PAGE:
33. Richards S, Aziz N, Bale S, Bick D, Das S, Gastier-Foster J, et al. Standards and guidelines for the interpretation of sequence variants: a joint consensus recommendation of the American College of Medical Genetics and Genomics and the Association for Molecular Pathology. Genet Med. 2015;17(5):405–24.

    Article  Google Scholar 

  34. Kopanos C, Tsiolkas V, Kouris A, Chapple CE, Albarca Aguilera M, Meyer R, et al. VarSome: the human genomic variant search engine. Bioinformatics. 2019;35(11):1978–80.

    Article  CAS  Google Scholar 

Download references


The authors sincerely thank the patient and his family members for their participation in this study and the staff of the Rasad Pathobiology and Genetic Laboratory, Tehran, Iran.


This study was supported by Rasad Pathobiology and Genetic Laboratory which had an important role in collection and analysis of data.

Author information

Authors and Affiliations



SM is responsible for the design of this study, acquisition, analysis, and interpretation of data for the work. SZ drafted the work; SM, SR and MHD revised the draft critically for important intellectual content; SM, SZ and SR provided approval for publication of the content and collected the detailed information; MK had cooperation in revision of the manuscript; all authors read and approved the final manuscript.

Corresponding author

Correspondence to Saeid Morovvati.

Ethics declarations

Ethics approval and consent to participate

This study was approved by ethical committee of Rasad Pathobiology and Genetic Laboratory. Written informed consent was obtained from all of the participants in this study.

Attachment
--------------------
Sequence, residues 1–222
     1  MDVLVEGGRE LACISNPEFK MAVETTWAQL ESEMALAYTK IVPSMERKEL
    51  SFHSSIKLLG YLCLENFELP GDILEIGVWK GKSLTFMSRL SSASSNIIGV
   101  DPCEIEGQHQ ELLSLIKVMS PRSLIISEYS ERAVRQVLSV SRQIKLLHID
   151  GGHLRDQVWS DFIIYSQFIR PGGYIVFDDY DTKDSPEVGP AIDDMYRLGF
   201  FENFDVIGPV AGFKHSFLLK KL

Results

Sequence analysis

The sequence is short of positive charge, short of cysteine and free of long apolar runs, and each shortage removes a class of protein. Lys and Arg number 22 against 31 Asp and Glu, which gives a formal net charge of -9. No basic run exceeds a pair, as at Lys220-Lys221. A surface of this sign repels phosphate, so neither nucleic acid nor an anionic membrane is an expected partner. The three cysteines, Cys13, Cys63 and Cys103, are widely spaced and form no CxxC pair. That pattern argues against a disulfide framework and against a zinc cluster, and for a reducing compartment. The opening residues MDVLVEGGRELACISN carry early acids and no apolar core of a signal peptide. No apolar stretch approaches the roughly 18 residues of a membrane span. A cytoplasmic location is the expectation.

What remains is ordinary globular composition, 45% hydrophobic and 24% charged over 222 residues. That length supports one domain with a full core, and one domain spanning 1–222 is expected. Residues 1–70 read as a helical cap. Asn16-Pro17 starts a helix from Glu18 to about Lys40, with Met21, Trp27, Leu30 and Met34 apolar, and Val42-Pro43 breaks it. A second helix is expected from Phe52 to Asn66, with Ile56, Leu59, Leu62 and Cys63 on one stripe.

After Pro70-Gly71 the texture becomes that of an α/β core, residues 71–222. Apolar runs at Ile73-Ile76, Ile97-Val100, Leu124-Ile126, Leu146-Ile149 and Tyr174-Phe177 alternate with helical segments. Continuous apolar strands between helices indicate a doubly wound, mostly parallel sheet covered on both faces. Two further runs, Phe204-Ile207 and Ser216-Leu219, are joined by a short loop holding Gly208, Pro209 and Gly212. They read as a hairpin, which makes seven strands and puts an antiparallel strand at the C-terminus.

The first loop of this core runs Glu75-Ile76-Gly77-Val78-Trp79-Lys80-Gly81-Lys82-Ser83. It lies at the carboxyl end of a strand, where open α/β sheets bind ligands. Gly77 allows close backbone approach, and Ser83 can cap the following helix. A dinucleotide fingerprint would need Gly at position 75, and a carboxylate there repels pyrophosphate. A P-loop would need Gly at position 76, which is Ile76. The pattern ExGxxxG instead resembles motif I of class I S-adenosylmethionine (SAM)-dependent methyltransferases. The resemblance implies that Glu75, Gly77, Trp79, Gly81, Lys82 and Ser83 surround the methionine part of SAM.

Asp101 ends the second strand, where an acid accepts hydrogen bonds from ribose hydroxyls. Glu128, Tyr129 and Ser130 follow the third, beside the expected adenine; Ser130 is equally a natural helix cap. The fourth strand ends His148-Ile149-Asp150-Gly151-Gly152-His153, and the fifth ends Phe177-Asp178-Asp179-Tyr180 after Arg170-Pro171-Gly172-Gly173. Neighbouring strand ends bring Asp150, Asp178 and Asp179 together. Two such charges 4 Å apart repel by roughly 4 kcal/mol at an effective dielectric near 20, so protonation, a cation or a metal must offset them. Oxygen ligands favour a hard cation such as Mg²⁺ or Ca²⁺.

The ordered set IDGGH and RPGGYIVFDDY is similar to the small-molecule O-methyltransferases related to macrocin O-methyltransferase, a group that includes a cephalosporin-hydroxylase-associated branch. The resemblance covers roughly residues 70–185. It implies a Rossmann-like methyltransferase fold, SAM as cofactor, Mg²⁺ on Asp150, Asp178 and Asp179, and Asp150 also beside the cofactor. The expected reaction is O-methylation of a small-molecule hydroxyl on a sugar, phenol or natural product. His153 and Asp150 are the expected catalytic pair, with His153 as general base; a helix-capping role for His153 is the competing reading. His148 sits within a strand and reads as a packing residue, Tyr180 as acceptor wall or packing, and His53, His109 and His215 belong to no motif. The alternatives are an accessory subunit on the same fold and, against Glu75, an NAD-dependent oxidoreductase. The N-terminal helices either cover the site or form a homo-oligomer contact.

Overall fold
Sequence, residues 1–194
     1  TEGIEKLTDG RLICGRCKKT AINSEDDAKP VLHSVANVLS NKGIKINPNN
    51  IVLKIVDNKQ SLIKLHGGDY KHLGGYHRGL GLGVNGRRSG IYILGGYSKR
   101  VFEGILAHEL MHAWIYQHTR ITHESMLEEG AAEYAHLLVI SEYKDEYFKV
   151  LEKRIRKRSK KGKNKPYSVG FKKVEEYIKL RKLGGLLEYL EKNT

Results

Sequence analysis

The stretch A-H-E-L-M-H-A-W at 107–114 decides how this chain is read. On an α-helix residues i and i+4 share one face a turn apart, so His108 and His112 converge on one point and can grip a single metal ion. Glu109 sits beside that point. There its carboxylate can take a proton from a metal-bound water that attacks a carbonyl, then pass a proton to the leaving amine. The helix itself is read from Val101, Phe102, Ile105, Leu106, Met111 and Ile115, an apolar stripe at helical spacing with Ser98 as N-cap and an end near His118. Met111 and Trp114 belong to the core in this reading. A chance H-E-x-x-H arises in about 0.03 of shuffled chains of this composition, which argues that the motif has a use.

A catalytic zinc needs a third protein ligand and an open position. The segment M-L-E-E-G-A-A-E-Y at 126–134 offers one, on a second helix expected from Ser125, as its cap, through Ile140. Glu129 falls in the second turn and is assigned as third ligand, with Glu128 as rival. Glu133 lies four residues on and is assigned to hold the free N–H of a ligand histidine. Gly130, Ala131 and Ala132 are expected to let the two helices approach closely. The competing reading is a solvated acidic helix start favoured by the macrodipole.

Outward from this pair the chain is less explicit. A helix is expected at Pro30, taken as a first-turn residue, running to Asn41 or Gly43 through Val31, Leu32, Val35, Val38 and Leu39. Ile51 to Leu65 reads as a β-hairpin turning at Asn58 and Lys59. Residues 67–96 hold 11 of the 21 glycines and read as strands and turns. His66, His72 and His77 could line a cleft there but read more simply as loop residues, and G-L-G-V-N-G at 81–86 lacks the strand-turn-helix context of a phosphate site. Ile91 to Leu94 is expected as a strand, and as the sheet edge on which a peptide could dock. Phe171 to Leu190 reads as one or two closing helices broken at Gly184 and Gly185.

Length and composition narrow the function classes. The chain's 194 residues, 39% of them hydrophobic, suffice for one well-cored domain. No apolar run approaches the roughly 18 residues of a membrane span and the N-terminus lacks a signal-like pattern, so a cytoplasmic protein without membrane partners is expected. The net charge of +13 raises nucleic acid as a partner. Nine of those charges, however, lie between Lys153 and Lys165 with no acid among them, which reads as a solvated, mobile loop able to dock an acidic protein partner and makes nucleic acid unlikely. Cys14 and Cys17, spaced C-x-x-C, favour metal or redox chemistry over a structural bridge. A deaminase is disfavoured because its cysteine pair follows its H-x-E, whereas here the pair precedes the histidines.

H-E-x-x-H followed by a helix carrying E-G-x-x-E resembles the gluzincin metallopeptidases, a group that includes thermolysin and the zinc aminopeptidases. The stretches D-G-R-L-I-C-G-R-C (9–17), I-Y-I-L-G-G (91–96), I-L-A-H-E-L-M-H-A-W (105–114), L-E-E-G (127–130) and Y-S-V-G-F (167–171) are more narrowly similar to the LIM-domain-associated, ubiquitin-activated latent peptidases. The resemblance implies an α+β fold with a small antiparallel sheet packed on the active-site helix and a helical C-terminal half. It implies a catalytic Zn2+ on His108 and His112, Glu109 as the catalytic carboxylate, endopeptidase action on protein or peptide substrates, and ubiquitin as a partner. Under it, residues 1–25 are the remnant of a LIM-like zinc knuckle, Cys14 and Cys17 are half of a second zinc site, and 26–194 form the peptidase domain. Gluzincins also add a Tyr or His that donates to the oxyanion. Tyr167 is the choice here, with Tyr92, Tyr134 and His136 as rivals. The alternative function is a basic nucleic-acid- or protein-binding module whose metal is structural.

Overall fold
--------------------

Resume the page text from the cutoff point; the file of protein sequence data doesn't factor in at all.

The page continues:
Consent for publication

Written informed consent for publication of clinical details and clinical images was obtained from the all of the participants.

The patient data could not be shared due to patient confidentiality.

Competing interests

The authors declare that they have no competing interests.

Additional information

Publisher's Note

Springer Nature remains neutral with regard to jurisdictional claims in published maps and institutional affiliations.

Supplementary Information

Additional file 1.

Peer review reports.

Rights and permissions

Open Access This article is licensed under a Creative Commons Attribution 4.0 International License, which permits use, sharing, adaptation, distribution and reproduction in any medium or format, as long as you give appropriate credit to the original author(s) and the source, provide a link to the Creative Commons licence, and indicate if changes were made. The images or other third party material in this article are included in the article's Creative Commons licence, unless indicated otherwise in a credit line to the material. If material is not included in the article's Creative Commons licence and your intended use is not permitted by statutory regulation or exceeds the permitted use, you will need to obtain permission directly from the copyright holder. To view a copy of this licence, visit The Creative Commons Public Domain Dedication waiver ( applies to the data made available in this article, unless otherwise stated in a credit line to the data.

Reprints and permissions

About this article

Check for updates. Verify currency and authenticity via CrossMark

Cite this article

Zardadi, S., Rayat, S., Hassani Doabsari, M. et al. Waardenburg syndrome type 2A in a large Iranian family with a novel MITF gene mutation. BMC Med Genomics 14, 230 (2021).

Download citation

  • Received:

  • Accepted:

  • Published:

  • DOI: